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Montenegro police teargas protesters

Agence France-Presse in Cetinje | The Guardian

Sun 5 Sep 2021, 09.10 EDT

Clashes during inauguration of Balkan state’s new church leader at historic monastery of Cetinje

Demonstrators at a barricade in Cetinje on Sunday. The decision to inaugurate Bishop Joanikije in the town has aggravated ethnic tension. Photograph: Savo Prelevic/AFP/Getty Images

Police in Montenegro have fired teargas at protesters as the new head of the Serbian Orthodox church in the country arrived by helicopter for his inauguration.

The decision to anoint Bishop Joanikije as the new metropolitan of Montenegro at the historic monastery of Cetinje has aggravated ethnic tension in the tiny Balkan state. Protesters had blocked roads since Saturday in an attempt to prevent access to the small town, both the headquarters of the Serbian Orthodox church (SPC) and a symbol of sovereignty for some Montenegrins.

Montenegro broke away from Serbia in 2006, but a third of its 620,000 inhabitants identify as Serbs and some deny Montenegro should be a separate entity. Opponents accuse the SPC of serving Belgrade’s interests. Advertisement According to images released by the SPC, Joanikije was dropped off by helicopter on the monastery’s lawn and rushed in under the sound of bells.

A security perimeter had been set up by police around the 15th-century building to protect the brief enthronement ceremony, and police fired teargas and sound bombs to clear the protesters from the monastery.

Metropolitan Joanikije was named to his new post in May, after the death of his predecessor Metropolitan Amfilohije from Covid-19.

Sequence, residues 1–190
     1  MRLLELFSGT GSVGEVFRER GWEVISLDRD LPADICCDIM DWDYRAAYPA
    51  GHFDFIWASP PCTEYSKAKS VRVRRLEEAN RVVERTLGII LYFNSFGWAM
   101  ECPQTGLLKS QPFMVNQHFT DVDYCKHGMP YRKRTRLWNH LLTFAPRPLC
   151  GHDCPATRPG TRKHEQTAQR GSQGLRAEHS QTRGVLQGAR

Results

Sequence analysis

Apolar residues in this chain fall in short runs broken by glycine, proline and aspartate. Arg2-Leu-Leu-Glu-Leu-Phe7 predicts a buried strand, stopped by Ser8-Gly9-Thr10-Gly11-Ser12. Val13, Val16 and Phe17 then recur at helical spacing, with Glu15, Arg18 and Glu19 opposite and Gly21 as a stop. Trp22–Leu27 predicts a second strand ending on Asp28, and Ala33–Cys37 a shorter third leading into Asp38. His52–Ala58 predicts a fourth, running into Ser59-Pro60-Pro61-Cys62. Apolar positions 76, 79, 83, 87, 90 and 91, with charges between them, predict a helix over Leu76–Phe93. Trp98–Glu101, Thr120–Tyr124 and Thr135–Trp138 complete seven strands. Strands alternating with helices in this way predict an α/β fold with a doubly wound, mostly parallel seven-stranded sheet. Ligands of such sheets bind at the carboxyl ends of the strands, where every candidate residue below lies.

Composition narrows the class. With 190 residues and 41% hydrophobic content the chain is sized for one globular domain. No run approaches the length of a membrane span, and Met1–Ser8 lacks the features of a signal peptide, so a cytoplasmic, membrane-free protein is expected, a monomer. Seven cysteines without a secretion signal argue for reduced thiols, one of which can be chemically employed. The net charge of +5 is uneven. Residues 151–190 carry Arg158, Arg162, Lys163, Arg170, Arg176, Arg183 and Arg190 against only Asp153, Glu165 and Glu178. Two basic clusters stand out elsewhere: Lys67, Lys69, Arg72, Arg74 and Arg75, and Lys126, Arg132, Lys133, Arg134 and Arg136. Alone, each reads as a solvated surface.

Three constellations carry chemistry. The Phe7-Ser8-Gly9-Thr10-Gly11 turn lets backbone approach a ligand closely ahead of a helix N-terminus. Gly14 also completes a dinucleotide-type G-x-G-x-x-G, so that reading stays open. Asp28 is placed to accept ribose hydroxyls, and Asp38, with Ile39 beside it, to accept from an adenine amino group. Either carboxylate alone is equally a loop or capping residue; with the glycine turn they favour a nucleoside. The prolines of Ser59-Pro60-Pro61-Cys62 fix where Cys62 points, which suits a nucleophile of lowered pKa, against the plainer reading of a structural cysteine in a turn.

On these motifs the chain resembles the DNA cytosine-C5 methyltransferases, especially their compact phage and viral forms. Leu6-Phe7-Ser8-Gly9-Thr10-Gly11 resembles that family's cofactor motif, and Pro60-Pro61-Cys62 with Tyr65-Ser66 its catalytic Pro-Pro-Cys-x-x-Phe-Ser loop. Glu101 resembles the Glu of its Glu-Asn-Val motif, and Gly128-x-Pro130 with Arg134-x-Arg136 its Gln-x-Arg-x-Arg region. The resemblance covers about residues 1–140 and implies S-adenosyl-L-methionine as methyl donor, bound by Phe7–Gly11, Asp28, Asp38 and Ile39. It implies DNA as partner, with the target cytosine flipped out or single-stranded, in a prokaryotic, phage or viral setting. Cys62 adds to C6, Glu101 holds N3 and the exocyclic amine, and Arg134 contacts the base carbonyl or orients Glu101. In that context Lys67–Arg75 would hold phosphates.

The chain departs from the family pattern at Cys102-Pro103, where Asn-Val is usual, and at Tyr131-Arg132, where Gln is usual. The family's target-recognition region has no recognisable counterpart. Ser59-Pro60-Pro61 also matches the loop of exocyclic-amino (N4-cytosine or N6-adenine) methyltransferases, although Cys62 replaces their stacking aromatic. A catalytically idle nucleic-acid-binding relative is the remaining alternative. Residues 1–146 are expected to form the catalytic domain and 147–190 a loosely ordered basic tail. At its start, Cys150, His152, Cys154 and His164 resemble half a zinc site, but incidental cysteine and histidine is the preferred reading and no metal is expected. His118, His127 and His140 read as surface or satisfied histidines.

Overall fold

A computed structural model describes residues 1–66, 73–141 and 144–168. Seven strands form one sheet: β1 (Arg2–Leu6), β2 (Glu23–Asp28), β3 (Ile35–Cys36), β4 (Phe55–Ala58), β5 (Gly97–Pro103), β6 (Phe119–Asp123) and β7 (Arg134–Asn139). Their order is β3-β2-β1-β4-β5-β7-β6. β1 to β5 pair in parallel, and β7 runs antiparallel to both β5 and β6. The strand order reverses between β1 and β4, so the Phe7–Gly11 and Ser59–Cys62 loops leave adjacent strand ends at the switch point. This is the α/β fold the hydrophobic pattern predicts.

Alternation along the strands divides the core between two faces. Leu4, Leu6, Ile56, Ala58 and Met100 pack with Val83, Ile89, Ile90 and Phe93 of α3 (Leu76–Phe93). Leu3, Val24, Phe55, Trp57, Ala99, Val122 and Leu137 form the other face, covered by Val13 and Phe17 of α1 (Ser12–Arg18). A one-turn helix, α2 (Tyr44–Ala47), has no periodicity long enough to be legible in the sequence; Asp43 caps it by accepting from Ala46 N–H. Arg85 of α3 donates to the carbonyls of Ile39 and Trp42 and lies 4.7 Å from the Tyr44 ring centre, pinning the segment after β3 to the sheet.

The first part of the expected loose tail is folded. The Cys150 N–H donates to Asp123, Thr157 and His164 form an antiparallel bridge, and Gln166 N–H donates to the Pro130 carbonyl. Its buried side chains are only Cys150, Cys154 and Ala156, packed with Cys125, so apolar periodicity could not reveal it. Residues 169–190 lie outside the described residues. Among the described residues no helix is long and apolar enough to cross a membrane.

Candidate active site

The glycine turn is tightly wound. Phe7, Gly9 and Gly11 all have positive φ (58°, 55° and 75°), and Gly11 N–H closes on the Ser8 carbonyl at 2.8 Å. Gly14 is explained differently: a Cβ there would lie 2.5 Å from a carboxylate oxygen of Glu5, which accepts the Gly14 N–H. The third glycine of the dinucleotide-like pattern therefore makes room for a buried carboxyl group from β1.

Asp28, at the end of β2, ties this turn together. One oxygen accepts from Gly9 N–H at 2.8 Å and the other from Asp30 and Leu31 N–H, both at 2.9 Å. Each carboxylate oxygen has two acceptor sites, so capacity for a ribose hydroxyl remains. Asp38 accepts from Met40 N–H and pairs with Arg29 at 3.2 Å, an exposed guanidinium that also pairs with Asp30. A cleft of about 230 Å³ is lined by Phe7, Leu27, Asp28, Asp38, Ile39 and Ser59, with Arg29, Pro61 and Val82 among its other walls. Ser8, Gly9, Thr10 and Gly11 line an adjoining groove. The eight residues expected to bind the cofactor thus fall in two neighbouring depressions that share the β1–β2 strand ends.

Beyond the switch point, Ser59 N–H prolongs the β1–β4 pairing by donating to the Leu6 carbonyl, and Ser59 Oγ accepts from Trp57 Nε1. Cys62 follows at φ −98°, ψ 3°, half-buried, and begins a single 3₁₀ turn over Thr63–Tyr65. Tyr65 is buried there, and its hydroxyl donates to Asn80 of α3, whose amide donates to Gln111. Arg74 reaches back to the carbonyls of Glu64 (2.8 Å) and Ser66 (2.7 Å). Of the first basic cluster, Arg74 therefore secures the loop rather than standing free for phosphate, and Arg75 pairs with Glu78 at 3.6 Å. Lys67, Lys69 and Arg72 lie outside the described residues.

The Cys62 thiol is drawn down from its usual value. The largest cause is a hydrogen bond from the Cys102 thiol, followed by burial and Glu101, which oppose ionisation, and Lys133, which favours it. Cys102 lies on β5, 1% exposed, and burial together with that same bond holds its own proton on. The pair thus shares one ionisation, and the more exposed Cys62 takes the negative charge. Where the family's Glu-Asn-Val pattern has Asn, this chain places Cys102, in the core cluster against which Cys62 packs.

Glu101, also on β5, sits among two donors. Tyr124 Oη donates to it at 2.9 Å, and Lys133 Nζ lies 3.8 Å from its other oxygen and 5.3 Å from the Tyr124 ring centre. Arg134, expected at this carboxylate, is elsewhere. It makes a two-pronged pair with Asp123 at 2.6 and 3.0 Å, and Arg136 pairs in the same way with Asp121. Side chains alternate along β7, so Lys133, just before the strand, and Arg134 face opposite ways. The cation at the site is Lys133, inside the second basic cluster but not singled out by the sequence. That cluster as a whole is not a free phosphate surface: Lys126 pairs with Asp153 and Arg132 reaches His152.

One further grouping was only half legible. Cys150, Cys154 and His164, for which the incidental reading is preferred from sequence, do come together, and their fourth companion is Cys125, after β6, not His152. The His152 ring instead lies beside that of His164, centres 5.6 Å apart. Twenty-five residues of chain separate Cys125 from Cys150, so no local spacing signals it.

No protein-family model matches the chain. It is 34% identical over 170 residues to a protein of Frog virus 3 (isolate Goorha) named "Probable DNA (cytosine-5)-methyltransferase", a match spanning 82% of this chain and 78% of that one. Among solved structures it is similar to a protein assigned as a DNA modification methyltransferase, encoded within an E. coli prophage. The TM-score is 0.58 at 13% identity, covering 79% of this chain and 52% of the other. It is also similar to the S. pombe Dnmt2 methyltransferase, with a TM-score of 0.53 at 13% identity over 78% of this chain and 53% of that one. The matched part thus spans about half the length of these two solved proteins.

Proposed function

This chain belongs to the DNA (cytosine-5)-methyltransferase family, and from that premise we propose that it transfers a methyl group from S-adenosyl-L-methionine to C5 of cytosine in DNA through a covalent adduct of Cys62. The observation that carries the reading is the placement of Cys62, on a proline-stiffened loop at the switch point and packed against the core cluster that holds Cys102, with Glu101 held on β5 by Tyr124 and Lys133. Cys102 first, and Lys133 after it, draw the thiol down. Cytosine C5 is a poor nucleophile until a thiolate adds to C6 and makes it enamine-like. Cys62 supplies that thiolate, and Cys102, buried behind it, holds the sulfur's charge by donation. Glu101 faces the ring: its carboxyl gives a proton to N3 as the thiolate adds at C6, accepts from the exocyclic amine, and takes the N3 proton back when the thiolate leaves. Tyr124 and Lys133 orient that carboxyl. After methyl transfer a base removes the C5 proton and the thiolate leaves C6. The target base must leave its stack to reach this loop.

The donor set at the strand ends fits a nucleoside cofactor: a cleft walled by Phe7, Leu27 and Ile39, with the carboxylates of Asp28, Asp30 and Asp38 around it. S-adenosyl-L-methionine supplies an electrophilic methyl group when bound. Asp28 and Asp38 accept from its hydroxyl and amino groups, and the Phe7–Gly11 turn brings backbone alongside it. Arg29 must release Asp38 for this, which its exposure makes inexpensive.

Thousands of protesters had on Saturday used cars or piled up rocks to block roads, with many spending the night huddled around fires to keep warm.

“I am here to show my love for the country,” said one protester, Saska Brajovic, 50. “We are not asking for anything from anyone else, but we are dismissed by the occupying Serbian church. We are here defending our dignity.”

The protesters are backed by the Democratic party of Socialists of President Milo Đukanović, which has accused neighbouring Serbia and the SPC of “dismissing Montenegro and Montenegrins, as well as the integrity” of his country.

Djukanovic had been eager to curb the SPC’s clout in Montenegro and build up an independent Orthodox church but his party lost elections in August 2020 and the current government led by the prime minister, Zdravko Krivokapić, has accused him of deliberately stoking the recent tensions for political purposes. © 2021 Guardian News & Media Limited or its affiliated companies.

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